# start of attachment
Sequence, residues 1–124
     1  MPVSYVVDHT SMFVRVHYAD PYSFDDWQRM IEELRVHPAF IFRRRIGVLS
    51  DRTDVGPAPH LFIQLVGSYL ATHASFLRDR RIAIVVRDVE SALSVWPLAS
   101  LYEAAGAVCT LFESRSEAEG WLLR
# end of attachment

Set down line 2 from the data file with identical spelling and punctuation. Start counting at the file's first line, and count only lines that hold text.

     1  MPVSYVVDHT SMFVRVHYAD PYSFDDWQRM IEELRVHPAF IFRRRIGVLS